Selfless Book Summary - Selfless Book explained in key points
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Selfless summary

Brian Lowery

The Social Creation of “You”

4.1 (29 ratings)
19 mins
Table of Contents

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    The self

    What is the self? Well, Austrian psychoanalyst Sigmund Freud defined it as a part of you linked to pleasure and urges. American sociologist Charles Cooley, on the other hand, came up with the term looking-glass self – in his mind, the self is dependent on how you think people perceive you. Then there’s the cultural definition that revolves around the idea of people being born with a self or destined to be one self or another. 

    But Brian Lowery claims that the self is actually something that’s created rather than inherent. It isn’t a predetermined entity – it’s a unique construct that emerges from relationships and social interactions. 

    All day, every day, you encounter different people from all walks of life. They include your close relationships like family and friends, your wider community, and even strangers you meet on the streets. Each of these connections influences and shapes who you are – no matter how brief or long the interaction. This unique blend of relationships you form and interactions you experience are exactly what makes you a unique self. In other words, you have a distinct self because you have a distinct combination of relationships and interactions. 

    The concept of the self as a social creation counters the idea that the body or the brain is the self. When your body changes, your self doesn’t necessarily change along with it. You can still be you even if you’ve grown your hair long or developed a few wrinkles on your face. When your body – and in parallel, your brain – dies, your self doesn’t immediately follow suit either: you live on through the relationships you’ve formed. The remarkable part is that you can form relationships even after your physical death, thanks to legacies like influential contributions and acts of kindness you’ve left behind. As long as your relationships and the impact you’ve made remain alive, your self is alive.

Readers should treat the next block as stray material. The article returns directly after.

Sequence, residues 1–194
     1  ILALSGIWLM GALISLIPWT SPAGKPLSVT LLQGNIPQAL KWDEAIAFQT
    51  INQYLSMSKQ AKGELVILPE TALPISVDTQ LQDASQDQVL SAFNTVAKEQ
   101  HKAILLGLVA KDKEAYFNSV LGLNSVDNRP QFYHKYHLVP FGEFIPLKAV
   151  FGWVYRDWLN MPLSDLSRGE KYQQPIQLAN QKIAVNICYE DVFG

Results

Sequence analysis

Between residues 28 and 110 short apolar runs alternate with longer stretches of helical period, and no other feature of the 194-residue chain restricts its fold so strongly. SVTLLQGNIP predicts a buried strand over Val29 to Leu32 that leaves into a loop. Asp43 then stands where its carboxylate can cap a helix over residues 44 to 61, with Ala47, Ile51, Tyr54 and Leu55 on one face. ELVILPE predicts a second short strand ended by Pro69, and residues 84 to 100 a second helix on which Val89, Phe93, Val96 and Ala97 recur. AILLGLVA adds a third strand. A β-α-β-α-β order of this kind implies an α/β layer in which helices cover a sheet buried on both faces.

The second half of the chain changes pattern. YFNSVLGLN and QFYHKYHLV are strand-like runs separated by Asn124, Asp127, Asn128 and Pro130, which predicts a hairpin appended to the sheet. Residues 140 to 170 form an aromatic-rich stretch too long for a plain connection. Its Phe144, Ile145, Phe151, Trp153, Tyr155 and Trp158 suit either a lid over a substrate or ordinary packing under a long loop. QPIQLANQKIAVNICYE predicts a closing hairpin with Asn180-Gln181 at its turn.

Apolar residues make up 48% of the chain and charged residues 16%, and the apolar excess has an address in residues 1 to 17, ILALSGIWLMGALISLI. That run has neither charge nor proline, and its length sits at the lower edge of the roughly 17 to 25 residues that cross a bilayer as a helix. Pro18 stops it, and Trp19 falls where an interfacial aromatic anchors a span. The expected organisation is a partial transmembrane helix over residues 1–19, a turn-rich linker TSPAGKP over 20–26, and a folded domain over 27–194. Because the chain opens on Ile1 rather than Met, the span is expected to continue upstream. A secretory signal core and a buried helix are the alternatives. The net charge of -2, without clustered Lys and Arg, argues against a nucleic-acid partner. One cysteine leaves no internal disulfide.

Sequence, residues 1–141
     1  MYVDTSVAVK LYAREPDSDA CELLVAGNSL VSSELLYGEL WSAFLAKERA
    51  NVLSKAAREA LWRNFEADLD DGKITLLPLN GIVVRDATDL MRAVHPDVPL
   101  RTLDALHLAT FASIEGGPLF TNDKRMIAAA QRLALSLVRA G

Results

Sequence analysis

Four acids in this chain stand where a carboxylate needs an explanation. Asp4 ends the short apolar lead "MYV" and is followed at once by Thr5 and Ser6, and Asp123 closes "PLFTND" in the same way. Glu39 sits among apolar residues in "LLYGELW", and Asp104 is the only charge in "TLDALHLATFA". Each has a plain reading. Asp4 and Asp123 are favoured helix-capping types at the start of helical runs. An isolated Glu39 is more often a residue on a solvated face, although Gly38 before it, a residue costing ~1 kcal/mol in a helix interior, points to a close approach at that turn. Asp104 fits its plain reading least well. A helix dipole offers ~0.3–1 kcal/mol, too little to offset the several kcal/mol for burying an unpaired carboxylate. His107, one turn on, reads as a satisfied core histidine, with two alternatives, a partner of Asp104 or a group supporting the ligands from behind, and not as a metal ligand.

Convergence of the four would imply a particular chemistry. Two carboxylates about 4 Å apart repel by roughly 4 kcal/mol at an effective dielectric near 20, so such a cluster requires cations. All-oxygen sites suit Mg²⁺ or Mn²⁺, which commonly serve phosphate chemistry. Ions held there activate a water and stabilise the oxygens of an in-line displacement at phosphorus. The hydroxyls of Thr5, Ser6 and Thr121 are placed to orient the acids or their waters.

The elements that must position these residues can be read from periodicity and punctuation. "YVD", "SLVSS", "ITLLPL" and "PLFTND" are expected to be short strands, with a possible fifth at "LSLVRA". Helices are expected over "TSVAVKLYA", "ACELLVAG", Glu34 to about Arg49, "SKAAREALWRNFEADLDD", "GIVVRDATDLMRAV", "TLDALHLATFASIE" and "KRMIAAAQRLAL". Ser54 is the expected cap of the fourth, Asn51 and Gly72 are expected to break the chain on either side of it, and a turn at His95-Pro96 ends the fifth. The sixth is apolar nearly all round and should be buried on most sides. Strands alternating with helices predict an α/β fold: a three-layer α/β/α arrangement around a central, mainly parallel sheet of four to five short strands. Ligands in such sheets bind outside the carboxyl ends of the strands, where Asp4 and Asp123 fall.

The concept of the self as a social construct also rebuffs the idea that the self embodies your core beliefs and moral values. Maybe you would define your self as generous or respectful, or honest or humble – and you know in your heart that this is who you are. But these values aren’t innate to you. They’re also transmitted through your relationships. Your understanding of right and wrong is directly influenced by the people in your life. 

    So, how exactly do all these societal factors affect your self? That’s what we’ll get into in the next sections.

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    What is Selfless about?

    Selfless (2023) explores the concept of the self as an entity formed by relationships and society in general. It tackles the roles of family, social groups, the country, and technology in shaping the self. 

    Who should read Selfless?

    • Social psychology enthusiasts
    • Anyone interested in the idea of the self as a social creation
    • People looking to understand themselves and others better

    About the Author

    Brian Lowery is a social psychologist, Stanford University professor, writer, and podcast host. He has coauthored multiple journal articles, including “Self-Essentialist Reasoning Underlies the Similarity-Attraction Effect” and “Gender Backlash and the Moderating Role of Shared Racial Group Membership.” Selfless is his first book.

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